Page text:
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Chipotle Earns the First LEED-Platinum Certification Awarded to a Restaurant

A Chipotle Mexican Grill in Illinois with its own wind turbine and a 2,500-gallon underground water cistern to harvest rainwater was certified by the U.S. Green Building Council at the organization's highest rating.

The Denver-based "fast-casual" dining chain of more than 860 restaurants and the USGBC announced the certification today.

The restaurant in Gurnee, Il., which opened last fall, is the first to receive the top green rating under the USGBC's retail pilot program for Leadership in Energy and Environmental Design standards covering new construction.

LEED's four-tier green ratings start at basic certification and proceed to silver and gold before reaching the platinum level.

In addition to the 6 kilowatt wind turbine, which was expected to produce about 10 percent of the restaurant's energy and is now described as generating "a portion" of the power needed, the Gurnee restaurant features:
• LED lighting
• Water-saving faucets and toilets
• Energy Star-rated kitchen equipment
• Landscaping with native plants, which are irrigated with water captured in the cistern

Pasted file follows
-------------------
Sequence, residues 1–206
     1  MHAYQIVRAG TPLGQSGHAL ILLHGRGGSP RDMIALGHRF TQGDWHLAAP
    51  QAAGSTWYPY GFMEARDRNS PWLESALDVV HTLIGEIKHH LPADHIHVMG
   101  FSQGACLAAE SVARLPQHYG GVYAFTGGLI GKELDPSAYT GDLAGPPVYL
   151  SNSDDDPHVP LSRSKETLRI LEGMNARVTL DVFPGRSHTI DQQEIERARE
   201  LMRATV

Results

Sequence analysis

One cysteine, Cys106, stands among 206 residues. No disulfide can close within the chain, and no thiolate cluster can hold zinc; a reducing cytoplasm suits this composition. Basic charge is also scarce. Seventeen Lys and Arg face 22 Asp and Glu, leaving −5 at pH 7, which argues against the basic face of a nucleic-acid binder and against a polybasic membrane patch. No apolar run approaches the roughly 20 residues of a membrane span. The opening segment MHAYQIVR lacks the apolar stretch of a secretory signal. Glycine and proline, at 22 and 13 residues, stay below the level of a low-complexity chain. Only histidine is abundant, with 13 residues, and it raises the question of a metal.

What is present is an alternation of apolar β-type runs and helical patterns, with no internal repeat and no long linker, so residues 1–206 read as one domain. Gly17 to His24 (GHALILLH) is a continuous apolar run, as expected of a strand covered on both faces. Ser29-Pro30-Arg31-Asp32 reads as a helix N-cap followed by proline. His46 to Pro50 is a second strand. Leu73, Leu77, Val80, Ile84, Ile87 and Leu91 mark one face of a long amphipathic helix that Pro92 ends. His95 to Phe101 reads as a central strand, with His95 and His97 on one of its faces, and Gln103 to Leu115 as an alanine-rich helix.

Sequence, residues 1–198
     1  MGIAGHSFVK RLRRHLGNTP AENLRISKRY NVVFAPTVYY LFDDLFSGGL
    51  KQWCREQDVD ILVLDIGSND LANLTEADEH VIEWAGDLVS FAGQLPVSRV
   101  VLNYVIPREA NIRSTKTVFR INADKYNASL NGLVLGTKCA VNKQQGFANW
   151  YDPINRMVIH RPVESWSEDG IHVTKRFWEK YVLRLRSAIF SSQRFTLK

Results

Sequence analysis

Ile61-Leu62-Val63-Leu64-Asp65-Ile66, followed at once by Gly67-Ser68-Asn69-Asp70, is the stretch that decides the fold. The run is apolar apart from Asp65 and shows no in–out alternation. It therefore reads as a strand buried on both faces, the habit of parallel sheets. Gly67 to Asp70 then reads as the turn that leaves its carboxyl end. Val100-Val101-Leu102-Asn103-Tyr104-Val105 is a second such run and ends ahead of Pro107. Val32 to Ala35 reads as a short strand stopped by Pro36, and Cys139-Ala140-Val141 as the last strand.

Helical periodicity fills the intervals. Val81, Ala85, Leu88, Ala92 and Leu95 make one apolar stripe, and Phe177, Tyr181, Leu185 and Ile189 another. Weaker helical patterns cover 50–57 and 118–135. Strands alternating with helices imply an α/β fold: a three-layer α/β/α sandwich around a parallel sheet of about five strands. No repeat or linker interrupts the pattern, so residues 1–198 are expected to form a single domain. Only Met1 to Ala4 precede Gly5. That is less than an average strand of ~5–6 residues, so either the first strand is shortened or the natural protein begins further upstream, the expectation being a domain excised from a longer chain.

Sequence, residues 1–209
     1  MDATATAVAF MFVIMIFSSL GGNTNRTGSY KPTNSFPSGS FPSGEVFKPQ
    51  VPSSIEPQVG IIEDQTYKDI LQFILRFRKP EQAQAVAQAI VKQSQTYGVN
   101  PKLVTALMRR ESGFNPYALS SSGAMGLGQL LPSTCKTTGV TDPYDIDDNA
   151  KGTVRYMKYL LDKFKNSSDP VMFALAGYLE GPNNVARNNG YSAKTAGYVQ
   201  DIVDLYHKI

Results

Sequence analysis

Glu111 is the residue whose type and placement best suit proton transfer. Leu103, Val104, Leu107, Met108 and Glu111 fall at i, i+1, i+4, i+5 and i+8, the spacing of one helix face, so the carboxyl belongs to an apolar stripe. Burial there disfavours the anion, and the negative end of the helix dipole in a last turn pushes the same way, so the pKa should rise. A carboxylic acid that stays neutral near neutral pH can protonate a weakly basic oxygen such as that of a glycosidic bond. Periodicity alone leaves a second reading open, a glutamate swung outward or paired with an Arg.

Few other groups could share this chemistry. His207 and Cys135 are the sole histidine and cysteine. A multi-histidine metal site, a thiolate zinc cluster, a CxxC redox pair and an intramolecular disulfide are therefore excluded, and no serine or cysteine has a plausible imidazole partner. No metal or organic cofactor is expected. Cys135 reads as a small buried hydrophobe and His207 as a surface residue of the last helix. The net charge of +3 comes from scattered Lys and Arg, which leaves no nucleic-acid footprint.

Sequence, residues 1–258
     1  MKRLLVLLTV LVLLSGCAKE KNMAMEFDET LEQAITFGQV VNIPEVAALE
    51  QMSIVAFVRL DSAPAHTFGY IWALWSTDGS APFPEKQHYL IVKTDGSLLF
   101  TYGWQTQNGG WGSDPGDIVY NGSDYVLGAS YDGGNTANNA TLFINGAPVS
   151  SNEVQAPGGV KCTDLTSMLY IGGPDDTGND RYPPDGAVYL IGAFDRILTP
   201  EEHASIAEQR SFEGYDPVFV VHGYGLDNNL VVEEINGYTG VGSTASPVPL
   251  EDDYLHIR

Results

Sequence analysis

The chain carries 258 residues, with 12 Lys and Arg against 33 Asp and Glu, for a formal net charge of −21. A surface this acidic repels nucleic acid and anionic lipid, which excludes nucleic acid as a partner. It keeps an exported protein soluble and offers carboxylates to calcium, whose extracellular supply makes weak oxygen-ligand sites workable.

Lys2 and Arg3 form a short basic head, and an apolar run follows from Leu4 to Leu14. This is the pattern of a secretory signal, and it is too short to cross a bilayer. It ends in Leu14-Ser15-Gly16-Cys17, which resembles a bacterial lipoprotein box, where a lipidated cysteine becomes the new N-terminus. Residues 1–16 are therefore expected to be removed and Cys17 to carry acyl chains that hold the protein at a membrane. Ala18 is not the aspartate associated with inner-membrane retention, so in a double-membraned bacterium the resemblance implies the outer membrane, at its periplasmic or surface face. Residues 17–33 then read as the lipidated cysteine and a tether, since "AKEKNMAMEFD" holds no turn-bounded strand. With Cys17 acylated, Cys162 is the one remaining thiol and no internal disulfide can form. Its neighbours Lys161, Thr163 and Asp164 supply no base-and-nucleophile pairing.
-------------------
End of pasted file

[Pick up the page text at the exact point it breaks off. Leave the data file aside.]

• Parking lot asphalt that reflects the sun's heat instead of absorbing it
Chipotle started introducing energy efficiency and eco-friendly design elements in some of its buildings in 2001. Its first two restaurants that were constructed with green features are in Texas; one of them was featured in a case study by the utility Austin Energy.

The Gurnee restaurant and one that opened in a shopping in mall in Minnesota during the past year were designed to conform to LEED standards. According to the USGBC, Chipotle also has two further restaurant projects registered -- one in Seattle and one on Long Island.

The chain awaits word on LEED certification for the Minnesota and Long Island restaurants, a representative for the company said.

Image courtesy of Chipotle Mexican Grill.

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